The reaction to the first Republican presidential debate baffles me. Here you have the entire roster of candidates endorsing the new Republican orthodoxy—a Hooverism for the 21st century—and yet commentators are acting as though there is somehow a new moderation among the candidates. Even my own esteemed Slate colleague Jacob Weisberg penned a column headlined "Going Sane," arguing that we are seeing a shift toward the middle among the Republican candidates.
If there is a shift to the middle, it is only because the new "middle" is yesterday's far right.
Sure, there was a civility to the debate, a congeniality that was pleasant and soothing. But beneath that veneer, if you listened, you could hear the policies of the worst elements of the Republican Party over the past several decades—policies that once were fringe but have now become the mainstream Republican positions.
There are three core examples of this: the cut-taxes/deregulation libertarian perspective that puts even greater faith in the magic of an unfettered private sector than it did before the economic cataclysm of 2007-08; a social conservatism that is hard line on same-sex marriage and abortion rights; and a newfound isolationism that is an overreaction to the adventurism and unilateralism of President George W. Bush.
Consider the principles that virtually all the candidates swore allegiance to in this so-called moderate debate:
In the economic sphere, they propose to cut taxes once again for the rich, and to nearly eliminate taxes on capital gains, interest, and dividend payments. No matter that the economy and job market have only gotten worse since President Bush pushed down tax rates. They propose to repeal Dodd-Frank and Sarbanes-Oxley, as if overregulation was the cause of the Wall Street meltdown. They propose to eliminate most of the regulations that the EPA and other agencies have promulgated. And they swear to prevent any more bailouts or stimulus spending, as if the auto bailout failed.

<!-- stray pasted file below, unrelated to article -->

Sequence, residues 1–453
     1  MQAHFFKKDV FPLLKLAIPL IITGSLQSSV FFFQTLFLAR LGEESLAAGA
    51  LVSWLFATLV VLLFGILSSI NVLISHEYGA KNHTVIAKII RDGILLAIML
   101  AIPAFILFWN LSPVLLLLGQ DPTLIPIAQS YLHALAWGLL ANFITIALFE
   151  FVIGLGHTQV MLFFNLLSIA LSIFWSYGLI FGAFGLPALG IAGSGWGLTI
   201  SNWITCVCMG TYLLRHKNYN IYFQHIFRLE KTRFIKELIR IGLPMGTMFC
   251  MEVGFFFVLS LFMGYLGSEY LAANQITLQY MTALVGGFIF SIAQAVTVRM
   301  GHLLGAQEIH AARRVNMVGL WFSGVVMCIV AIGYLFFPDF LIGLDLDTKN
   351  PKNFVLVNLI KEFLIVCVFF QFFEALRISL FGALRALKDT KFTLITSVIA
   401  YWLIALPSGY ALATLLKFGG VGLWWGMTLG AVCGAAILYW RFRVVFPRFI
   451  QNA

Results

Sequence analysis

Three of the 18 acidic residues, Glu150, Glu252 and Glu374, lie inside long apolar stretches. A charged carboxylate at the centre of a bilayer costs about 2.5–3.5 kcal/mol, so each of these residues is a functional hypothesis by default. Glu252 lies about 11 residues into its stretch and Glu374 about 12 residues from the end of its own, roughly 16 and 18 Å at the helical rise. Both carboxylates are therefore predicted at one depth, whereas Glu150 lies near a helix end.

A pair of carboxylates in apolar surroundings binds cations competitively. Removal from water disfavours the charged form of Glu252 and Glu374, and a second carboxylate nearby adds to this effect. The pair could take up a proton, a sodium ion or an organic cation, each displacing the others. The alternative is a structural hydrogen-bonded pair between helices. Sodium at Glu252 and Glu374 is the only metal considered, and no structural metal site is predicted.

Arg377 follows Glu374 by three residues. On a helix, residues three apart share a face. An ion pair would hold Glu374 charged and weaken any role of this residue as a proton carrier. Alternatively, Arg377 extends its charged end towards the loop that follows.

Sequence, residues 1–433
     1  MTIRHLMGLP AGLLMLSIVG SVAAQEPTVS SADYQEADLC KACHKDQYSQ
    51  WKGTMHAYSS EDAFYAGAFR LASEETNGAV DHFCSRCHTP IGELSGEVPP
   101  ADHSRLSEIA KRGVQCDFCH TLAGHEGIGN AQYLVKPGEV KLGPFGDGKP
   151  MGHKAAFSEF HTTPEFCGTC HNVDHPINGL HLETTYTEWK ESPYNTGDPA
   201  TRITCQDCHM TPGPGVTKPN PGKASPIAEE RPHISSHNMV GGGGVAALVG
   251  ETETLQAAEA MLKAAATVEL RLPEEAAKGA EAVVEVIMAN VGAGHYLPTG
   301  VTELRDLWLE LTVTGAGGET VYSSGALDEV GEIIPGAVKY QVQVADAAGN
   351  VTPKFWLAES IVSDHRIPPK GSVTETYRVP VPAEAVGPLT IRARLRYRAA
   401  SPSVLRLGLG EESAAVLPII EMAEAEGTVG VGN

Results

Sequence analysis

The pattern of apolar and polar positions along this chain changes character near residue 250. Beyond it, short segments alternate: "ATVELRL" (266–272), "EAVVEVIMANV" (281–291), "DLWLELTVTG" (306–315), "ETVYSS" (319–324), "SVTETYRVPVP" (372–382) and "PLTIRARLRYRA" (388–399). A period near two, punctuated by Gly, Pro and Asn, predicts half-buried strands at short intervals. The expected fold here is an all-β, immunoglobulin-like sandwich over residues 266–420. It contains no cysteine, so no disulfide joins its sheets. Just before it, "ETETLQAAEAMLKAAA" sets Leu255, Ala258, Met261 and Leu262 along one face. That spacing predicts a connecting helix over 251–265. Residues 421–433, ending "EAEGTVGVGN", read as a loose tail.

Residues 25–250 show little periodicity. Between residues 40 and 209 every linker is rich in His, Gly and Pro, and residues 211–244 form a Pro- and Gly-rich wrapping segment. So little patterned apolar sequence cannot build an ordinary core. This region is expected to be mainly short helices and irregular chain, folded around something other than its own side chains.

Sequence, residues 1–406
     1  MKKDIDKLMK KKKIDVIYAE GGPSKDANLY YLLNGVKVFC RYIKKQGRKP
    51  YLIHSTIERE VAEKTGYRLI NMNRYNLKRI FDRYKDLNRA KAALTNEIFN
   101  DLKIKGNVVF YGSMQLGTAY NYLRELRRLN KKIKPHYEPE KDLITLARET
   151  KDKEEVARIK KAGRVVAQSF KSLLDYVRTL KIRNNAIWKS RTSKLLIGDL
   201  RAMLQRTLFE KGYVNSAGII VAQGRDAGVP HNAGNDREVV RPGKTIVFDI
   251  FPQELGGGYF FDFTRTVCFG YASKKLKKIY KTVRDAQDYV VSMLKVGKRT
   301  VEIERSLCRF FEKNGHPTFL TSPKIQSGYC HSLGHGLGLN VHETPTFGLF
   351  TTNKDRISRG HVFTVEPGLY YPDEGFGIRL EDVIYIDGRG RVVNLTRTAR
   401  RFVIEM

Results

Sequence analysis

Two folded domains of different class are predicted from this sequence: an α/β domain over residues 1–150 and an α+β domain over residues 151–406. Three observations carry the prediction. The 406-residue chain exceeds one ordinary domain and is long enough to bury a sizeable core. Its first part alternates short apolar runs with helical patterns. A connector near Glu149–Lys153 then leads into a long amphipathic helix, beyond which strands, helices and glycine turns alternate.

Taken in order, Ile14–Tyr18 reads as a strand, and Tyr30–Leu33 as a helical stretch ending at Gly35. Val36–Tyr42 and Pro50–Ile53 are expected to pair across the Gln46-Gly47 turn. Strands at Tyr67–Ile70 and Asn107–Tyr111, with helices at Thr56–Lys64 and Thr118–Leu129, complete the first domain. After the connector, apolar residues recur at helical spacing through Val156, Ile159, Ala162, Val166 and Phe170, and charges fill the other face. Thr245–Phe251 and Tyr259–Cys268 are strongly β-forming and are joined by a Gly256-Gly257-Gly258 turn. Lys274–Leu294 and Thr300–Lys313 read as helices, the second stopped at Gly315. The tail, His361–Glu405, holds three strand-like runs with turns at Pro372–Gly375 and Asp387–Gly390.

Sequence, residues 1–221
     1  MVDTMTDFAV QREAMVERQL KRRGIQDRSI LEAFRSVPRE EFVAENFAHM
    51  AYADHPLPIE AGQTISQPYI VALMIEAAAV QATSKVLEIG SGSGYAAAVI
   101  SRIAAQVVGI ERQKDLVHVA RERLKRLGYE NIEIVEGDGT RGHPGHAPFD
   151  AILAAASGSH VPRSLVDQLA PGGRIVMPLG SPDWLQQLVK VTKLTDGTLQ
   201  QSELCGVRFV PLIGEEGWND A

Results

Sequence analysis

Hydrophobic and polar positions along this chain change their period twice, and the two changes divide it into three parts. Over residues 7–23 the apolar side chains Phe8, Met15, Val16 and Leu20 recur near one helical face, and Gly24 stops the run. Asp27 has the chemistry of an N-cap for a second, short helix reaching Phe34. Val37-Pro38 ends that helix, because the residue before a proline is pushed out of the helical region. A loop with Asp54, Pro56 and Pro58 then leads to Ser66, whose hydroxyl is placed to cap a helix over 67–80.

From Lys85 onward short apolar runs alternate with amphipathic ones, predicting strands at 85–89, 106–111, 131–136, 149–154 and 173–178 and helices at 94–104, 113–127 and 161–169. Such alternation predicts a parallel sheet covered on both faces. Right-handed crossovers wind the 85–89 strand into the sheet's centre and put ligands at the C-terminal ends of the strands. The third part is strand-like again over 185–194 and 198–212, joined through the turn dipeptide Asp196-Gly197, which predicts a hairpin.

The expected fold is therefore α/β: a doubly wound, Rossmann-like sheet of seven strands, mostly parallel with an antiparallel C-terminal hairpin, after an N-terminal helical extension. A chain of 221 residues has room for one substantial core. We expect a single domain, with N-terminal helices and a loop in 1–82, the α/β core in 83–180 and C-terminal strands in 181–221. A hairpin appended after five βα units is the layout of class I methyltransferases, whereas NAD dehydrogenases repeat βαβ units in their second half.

They seek to repeal the New Deal, repeal Keynesian economics, repeal all that worked from the Great Depression until 2000: 70 years during which we created the middle class, the finest infrastructure in the world, and the greatest economy the world has ever known. This is radical, not moderate.
In the social sphere, the candidates expressed none of the "compassionate" conservatism that carried George W. Bush forward. On issues relating to marriage and choice, these free-market candidates implored the government to intervene in the private lives of citizens. This is radical, not moderate.
In foreign policy, they express an isolationism that is fascinating because it is completely antithetical to Republicans' insistence on American exceptionalism. These candidates now seem focused exclusively on withdrawing into our tent and pretending the rest of the world is not there. This is radical, not moderate.
The constant rightward journey of the Republican Party since the days of Richard Nixon has been remarkable. For Romney at least, this embrace of conservative theology may be an effort to navigate through a dicey primary season dominated by Tea Party activists. But it is hard not to conclude that we are seeing the end of rational conservatism: the regulated market capitalism coupled with globalism that began with Eisenhower.
We face a presidential race in which the chasm between the parties will be as great as any I can recall since the battle between Lyndon Johnson and Barry Goldwater. I hope this bodes well for President Obama, and that his results will mirror those of Johnson in 1964. But part of me fears that the circumstances we face might permit us to lurch even further toward what was once the political fringe.